Patricia's Construction and Contracting Blog: Tips for Novices to Experts

Septic Tank Alternatives For A Home That Has A High Water Table

by غزل موسوی

Installing a septic tank is not just a matter of digging a hole in your yard and laying it down; you must first analyze the site in which you want to install the tank and determine if it has the necessary conditions for holding the tank. A high water table is one of the issues that may hinder your septic tank installation, but you shouldn't worry much about it since there is a way in which you can cope with the problem.

Understanding A High Water Table

71% of the earth is covered by water, and according to survey estimates, 30% of the water is in the ground. Water that runs under the earth's surface (groundwater) is what forms the water table. The water table is actually formed when the groundwater saturates the rocks; the point where the saturated rocks join with the upper layers of the soil that are less saturated is what is called the water table.

The name water table is derived from the fact that the water levels out even when it is deep in the ground, in the same manner as the water in your swimming pool or bath. And hence, it is assumed that the water table has a flat smooth top, just like a table. When the water continues to accumulate, the water table rises to form what is known as high water table. At times, the water table may rise to a point of causing floods.

Effects Of A High Water Table On A Septic Tank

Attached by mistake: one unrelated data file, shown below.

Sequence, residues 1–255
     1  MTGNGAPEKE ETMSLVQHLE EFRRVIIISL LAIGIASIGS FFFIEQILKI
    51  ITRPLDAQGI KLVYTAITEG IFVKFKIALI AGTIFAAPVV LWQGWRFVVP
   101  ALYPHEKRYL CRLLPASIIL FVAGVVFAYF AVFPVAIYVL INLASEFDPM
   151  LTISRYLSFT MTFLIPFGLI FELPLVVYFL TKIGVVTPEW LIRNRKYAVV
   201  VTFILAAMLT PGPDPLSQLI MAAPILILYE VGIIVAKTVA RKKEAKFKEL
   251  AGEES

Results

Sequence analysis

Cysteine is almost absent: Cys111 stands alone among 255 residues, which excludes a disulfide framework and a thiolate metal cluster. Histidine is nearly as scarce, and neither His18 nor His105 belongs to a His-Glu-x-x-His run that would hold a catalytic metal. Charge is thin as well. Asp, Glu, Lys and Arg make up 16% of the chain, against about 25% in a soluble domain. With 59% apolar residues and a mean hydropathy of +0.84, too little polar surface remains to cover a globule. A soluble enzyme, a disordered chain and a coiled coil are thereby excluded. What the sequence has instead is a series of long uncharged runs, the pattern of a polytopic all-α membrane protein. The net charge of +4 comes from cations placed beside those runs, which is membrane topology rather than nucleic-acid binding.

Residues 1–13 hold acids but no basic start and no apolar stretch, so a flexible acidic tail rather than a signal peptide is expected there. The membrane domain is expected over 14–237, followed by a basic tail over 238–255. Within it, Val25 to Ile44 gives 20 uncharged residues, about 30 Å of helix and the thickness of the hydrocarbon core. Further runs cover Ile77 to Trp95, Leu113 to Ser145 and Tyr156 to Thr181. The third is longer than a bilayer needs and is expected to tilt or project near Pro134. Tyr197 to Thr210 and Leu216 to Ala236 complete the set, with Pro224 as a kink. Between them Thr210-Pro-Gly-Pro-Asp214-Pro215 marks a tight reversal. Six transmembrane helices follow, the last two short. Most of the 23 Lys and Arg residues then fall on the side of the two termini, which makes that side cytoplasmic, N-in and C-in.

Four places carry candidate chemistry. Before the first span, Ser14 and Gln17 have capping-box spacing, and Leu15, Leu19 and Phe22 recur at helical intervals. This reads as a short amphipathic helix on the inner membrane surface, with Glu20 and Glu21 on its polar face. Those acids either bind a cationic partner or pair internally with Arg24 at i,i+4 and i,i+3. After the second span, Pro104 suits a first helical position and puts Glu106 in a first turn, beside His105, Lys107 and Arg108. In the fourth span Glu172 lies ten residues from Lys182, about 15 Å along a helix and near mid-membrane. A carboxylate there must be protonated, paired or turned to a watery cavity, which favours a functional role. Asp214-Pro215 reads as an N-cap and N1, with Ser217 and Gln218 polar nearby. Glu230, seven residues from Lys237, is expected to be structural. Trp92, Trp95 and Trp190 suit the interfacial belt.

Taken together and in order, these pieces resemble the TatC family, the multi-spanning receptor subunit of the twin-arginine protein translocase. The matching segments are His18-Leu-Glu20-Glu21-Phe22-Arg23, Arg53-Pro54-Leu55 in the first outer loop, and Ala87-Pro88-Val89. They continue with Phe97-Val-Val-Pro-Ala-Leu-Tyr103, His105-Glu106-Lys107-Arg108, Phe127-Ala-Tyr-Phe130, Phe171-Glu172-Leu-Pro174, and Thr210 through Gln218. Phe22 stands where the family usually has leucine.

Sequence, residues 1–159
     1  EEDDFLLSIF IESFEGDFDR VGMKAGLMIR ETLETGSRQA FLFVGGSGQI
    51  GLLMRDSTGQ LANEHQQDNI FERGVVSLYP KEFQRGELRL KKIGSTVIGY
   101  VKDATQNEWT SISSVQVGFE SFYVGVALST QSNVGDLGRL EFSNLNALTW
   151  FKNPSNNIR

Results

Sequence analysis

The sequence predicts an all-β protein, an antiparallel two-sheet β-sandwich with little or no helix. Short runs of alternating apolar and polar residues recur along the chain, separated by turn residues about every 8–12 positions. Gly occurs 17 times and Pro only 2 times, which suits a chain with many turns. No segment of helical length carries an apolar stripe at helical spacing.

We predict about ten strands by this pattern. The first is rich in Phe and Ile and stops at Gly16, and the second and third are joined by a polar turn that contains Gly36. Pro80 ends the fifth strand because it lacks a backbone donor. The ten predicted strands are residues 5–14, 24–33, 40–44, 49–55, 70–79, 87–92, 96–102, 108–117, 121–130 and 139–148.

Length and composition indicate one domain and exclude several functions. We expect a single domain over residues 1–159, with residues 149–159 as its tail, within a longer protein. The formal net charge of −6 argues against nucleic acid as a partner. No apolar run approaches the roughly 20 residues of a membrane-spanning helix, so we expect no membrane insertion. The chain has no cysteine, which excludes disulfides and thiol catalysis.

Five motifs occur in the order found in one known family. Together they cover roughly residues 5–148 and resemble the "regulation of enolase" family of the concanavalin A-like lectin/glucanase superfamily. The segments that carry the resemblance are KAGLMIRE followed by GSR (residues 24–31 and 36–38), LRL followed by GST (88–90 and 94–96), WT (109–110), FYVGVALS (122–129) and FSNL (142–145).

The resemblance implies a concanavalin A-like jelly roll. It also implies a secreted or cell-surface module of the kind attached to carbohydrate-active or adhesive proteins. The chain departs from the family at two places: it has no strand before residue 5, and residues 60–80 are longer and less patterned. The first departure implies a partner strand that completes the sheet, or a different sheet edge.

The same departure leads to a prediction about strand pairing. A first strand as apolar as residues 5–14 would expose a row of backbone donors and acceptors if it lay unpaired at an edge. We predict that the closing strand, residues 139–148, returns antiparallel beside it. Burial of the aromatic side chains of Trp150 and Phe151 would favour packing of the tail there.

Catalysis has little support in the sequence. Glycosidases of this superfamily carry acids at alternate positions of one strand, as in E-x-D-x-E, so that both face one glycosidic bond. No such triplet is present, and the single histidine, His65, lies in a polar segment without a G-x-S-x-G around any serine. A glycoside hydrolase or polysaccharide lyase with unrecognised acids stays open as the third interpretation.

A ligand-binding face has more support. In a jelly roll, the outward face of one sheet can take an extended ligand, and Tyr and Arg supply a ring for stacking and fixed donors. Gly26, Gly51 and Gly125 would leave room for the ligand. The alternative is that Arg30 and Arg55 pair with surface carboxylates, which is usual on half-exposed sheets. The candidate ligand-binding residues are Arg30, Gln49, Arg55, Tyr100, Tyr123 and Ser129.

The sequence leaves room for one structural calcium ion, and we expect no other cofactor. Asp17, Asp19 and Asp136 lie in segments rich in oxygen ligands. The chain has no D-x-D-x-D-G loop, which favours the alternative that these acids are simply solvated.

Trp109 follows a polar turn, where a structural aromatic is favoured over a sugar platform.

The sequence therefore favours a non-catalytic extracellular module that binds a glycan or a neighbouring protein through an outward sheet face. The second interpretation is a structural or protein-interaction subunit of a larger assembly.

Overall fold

An underground septic system contains a tank that holds wastewater and a drain field that absorbs and lets out the wastewater. If a site contains a high water table, the groundwater may enter the drain field and limit the amount of wastewater that the drain field can absorb. If this happens, the wastewater may either find a way back into your home, or it may leak above the ground.


One of the best solutions when it comes to dealing with high water tables is installing a recirculating sand filter (RSF) system. The system is particularly helpful if the distance separating the water table and drain field of your current septic tank is not big enough to allow for proper treatment of the wastewater. A recirculating sand filter contains a septic tank, a pump chamber, and a sand filter. Wastewater moves from the septic tank to the sand filter through a recirculating pump. It goes through the filter 5 times before it goes through the drain field for the last treatment. Most of the pathogens (disease-causing organisms) are killed before the wastewater moves to the drain field, and hence, the system eliminates much of the danger posed by a high water table.

For more information about your septic system options, contact a local septic company like Biosystems 2000